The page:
Check out the articles:
Larry Derfner on Liberal Zionism
Abir Kopty on anti-Zionism
Jerry Haber’s especially interesting take on Liberal Zionism

For further history on these debates, Wrestling with Zion has some fascinating essays by the likes of Judah Magnes, Martin Buber, Albert Einstein and Hannah Arendt. These are some pretty smart people not covered in a typical history of Zionism.

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In Celebration of Higher Scrutiny for Israel

Israel hawks often argue that the world holds Israel to higher scrutiny than other countries, focusing disproportionately on its actions while ignoring those of far worse offenders. The reason for this undue attention? Anti-Semitism, of course.

I have so many responses to this accusation that I barely know where to begin. But I think it is sometimes most powerful to simply agree. As a Jew, I do expect Israel to behave in an exceptionally moral way. I believe my community should lead the world in holding it to account for its actions.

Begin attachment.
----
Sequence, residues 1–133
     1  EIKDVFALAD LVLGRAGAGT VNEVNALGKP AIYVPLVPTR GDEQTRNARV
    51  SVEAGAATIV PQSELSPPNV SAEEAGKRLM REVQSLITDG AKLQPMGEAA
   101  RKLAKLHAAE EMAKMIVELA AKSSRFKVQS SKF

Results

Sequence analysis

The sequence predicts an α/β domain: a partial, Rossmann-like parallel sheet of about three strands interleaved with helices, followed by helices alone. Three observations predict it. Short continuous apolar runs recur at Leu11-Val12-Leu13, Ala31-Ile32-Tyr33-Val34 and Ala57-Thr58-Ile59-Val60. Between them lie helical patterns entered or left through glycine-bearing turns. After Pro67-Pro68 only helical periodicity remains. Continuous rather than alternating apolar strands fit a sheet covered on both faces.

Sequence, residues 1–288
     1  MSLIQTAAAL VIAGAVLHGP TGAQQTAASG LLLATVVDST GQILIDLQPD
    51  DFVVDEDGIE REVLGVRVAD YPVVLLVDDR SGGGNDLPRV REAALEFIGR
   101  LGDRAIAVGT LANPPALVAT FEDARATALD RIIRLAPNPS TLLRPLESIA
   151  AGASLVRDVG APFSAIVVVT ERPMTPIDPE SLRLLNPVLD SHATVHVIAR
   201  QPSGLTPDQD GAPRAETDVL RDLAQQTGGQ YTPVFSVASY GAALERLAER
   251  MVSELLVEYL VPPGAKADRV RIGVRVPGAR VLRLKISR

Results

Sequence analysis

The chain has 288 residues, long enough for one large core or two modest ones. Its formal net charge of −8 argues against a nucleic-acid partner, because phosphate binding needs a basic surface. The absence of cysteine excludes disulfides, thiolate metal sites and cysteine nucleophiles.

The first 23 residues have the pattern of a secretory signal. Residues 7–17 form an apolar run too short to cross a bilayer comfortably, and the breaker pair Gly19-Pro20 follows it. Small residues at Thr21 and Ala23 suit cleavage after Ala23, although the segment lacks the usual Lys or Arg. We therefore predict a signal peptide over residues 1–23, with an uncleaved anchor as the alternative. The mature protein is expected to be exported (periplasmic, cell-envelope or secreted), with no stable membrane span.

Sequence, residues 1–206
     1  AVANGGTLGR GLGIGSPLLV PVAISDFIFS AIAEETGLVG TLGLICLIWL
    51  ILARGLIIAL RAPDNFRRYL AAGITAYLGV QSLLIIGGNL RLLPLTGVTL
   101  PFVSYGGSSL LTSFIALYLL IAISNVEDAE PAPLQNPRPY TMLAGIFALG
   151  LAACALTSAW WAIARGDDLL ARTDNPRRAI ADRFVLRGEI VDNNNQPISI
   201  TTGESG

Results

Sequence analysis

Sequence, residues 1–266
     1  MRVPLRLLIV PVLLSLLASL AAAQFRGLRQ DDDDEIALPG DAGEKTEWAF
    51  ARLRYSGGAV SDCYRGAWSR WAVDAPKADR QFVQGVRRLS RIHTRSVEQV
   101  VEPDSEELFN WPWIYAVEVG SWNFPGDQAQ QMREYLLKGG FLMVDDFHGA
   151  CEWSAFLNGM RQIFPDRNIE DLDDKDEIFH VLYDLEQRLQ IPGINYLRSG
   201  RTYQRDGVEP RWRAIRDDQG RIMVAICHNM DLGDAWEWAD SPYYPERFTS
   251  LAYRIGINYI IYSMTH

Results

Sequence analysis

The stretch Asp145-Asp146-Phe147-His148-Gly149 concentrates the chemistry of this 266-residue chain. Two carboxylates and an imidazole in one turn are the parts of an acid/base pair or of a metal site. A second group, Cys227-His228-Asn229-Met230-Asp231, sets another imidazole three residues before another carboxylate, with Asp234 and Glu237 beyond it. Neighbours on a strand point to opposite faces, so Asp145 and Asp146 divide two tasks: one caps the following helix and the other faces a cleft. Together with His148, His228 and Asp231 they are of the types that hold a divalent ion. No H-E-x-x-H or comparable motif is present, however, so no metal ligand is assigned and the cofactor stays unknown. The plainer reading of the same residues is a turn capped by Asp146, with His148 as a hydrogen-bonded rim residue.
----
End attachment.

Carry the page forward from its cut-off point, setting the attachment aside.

In years of Jewish education, my parents and teachers taught me that I had inherited a special legacy of social justice activism. My Sunday School teachers drew lessons from the Holocaust, emphasizing the need to fight racism and speak out for one’s beliefs, especially the unpopular ones.  We learned about the legacy of Jewish participation in the Civil Rights movement and a rich tradition of empathy for the downtrodden going back to Maimonides. My grandparents told me stories about the pogroms and isolation my ancestors had endured in Eastern Europe. The Jewish people’s history of persecution, they all said, gave me a unique responsibility to fight injustice wherever I saw it.  My experiences were not special; most American Jews grew up hearing the same things.

Now, young Jews like me must remind our parents and grandparents of all they have taught us. We must remind them that the Jewish people can transcend narrow tribalism. We can stop demonizing Palestinians and Arabs. We can build a state that guarantees human rights for all. We can welcome discussion about Israel, as we welcome vigorous debate on all topics. We can be better. We can try harder.

It is more difficult to hold your own to account – whether a family, a synagogue, or an entire state. But Israel’s best defense against its critics will be proving them wrong. As a Jew, I will do all I can to give Israel the disproportionate attention that worries the American Jewish establishment. When accused of holding Israel to a higher standard, I will respond with a firm, “hell yeah.”